Judge Rules No-Fly List Doesn't Fly Without Due Process

A blow to the secrecy of the no-fly list


Surprised the feds didn't argue it's because their bodies contained more than 8 ounces of liquid.
Credit: matt.hintsa / Foter / CC BY-NC-ND

In June, J.D. Tuccille took note of a federal judge who seemed quite skeptical that the federal government's opaque, bureaucratic no-fly list was operating just fine and people don't actually have a fundamental right to fly anyway. That was the argument the feds used in response to a lawsuit by the ACLU, representing 13 people on the no-fly list who didn't know why they were on the list and couldn't get off it.

This week that same judge ruled that those who want to fly have a constitutionally protected right to due process. From the Associated Press:

U.S. District Judge Anna J. Brown of Portland, in an opinion released late Wednesday, rejected the government's assertion that people on the no-fly list can travel by other means, and that being on the list does not deprive them of their liberty. She said it ignores "the realities of our modern world."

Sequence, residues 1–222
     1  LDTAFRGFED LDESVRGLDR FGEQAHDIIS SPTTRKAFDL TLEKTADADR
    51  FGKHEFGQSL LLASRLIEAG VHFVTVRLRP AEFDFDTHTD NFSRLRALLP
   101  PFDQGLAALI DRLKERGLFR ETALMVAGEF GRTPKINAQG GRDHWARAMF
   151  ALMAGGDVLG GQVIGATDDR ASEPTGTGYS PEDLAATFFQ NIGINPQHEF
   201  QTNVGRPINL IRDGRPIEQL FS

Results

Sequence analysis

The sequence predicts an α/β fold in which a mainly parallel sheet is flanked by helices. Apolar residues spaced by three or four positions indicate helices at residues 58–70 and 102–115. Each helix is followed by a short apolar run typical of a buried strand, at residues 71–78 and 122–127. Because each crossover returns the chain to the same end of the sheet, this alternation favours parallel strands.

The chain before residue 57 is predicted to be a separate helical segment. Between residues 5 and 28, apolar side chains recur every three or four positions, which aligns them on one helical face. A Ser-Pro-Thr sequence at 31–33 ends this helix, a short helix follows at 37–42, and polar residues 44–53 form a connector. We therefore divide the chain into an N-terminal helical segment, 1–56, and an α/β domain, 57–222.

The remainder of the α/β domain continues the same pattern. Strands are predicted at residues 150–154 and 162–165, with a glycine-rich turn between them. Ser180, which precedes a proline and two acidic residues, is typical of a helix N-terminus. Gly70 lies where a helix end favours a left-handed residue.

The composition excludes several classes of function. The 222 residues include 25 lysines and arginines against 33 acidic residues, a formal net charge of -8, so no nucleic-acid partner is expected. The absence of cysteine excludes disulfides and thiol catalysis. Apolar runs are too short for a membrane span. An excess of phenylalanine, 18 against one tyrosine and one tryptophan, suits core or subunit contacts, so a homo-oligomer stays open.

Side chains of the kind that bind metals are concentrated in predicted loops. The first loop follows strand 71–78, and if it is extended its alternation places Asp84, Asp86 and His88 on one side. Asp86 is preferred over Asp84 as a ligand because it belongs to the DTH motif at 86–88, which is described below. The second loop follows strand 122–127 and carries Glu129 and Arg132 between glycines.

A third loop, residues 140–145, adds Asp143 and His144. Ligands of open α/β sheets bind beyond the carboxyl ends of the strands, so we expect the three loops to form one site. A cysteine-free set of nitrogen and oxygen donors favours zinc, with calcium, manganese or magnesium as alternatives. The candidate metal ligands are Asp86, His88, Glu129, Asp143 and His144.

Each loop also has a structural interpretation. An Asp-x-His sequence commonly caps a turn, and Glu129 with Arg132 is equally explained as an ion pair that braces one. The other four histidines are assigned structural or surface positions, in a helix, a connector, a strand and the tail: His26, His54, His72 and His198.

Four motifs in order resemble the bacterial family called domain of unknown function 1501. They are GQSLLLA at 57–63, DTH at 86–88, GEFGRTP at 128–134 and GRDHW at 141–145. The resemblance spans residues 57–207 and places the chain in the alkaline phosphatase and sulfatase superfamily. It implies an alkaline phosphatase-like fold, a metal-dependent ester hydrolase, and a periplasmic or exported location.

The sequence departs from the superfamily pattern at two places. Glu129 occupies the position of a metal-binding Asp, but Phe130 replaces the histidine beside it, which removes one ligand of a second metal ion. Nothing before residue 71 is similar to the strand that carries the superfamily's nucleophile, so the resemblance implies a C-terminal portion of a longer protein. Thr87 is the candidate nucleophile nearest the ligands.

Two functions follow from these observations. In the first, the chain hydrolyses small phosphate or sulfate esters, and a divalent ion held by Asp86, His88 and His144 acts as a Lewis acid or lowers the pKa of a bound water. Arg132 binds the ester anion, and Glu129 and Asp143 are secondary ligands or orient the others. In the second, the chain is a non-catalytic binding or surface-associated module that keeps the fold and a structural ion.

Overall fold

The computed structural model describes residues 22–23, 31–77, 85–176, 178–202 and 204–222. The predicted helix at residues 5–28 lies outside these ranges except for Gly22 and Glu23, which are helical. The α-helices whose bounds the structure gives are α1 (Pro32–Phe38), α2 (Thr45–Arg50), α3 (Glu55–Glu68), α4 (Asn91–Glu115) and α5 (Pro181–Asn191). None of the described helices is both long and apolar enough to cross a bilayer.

"This decision is a critically important step towards vindicating the due process rights of Americans on the no-fly list," said Nusrat Choudhury, the ACLU lawyer representing the plaintiffs. "For the first time, a federal court has recognized that when the government bans Americans from flying and smears them as suspected terrorists, it deprives them of constitutionally protected liberties, and they must have a fair process to clear their names."

Brown's decision, however, is only a partial one. She asked the government for more information about its redress procedure to help her determine whether it satisfied due process requirements for the plaintiffs.

"We're very confident that the court, when it gets this information, will rule in our favor," Choudhury said. "And that's because the government has a policy of not providing any explanation to people who are on the no-fly list about why they were put on the list."

The redress procedure involves filling out an online form with the Department of Homeland Security, crossing your fingers, and possibly burying a turnip under an ash tree during a new moon or perhaps sacrificing a goat. There's a possibility of a judicial review should the passenger be rejected again, but not one where any evidence is presented that the passenger can actually respond to or even grasp why he or she is being denied the ability to fly.

Steven Chapman wrote about the lawsuit in April, noting, "The ACLU is not dreaming big here. It doesn't ask that the government take these individuals off the list. It doesn't insist that they be exempt from monitoring. The only request is that they be told why they are deemed so dangerous and have the chance to show why they really aren't."